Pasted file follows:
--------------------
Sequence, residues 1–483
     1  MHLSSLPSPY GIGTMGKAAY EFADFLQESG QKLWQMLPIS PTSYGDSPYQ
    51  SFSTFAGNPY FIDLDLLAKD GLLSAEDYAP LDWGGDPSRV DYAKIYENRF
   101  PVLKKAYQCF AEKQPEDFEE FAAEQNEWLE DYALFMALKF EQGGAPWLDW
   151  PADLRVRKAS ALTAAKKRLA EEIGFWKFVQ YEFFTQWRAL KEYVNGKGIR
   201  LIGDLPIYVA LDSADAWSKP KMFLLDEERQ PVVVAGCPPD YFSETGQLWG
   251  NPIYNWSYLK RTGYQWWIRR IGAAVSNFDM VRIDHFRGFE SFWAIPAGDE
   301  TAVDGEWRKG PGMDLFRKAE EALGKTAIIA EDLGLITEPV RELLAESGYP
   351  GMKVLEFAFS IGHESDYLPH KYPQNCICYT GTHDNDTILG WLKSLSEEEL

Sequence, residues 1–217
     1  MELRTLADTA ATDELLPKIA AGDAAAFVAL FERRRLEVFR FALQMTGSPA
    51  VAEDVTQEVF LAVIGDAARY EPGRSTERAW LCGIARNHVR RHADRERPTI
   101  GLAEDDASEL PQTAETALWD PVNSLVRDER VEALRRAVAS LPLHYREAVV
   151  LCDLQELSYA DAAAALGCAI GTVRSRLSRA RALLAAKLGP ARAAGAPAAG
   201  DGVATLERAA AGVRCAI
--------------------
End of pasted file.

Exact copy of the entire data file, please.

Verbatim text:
Sequence, residues 1–483
     1  MHLSSLPSPY GIGTMGKAAY EFADFLQESG QKLWQMLPIS PTSYGDSPYQ
    51  SFSTFAGNPY FIDLDLLAKD GLLSAEDYAP LDWGGDPSRV DYAKIYENRF
   101  PVLKKAYQCF AEKQPEDFEE FAAEQNEWLE DYALFMALKF EQGGAPWLDW
   151  PADLRVRKAS ALTAAKKRLA EEIGFWKFVQ YEFFTQWRAL KEYVNGKGIR
   201  LIGDLPIYVA LDSADAWSKP KMFLLDEERQ PVVVAGCPPD YFSETGQLWG
   251  NPIYNWSYLK RTGYQWWIRR IGAAVSNFDM VRIDHFRGFE SFWAIPAGDE
   301  TAVDGEWRKG PGMDLFRKAE EALGKTAIIA EDLGLITEPV RELLAESGYP
   351  GMKVLEFAFS IGHESDYLPH KYPQNCICYT GTHDNDTILG WLKSLSEEEL

Sequence, residues 1–217
     1  MELRTLADTA ATDELLPKIA AGDAAAFVAL FERRRLEVFR FALQMTGSPA
    51  VAEDVTQEVF LAVIGDAARY EPGRSTERAW LCGIARNHVR RHADRERPTI
   101  GLAEDDASEL PQTAETALWD PVNSLVRDER VEALRRAVAS LPLHYREAVV
   151  LCDLQELSYA DAAAALGCAI GTVRSRLSRA RALLAAKLGP ARAAGAPAAG
   201  DGVATLERAA AGVRCAI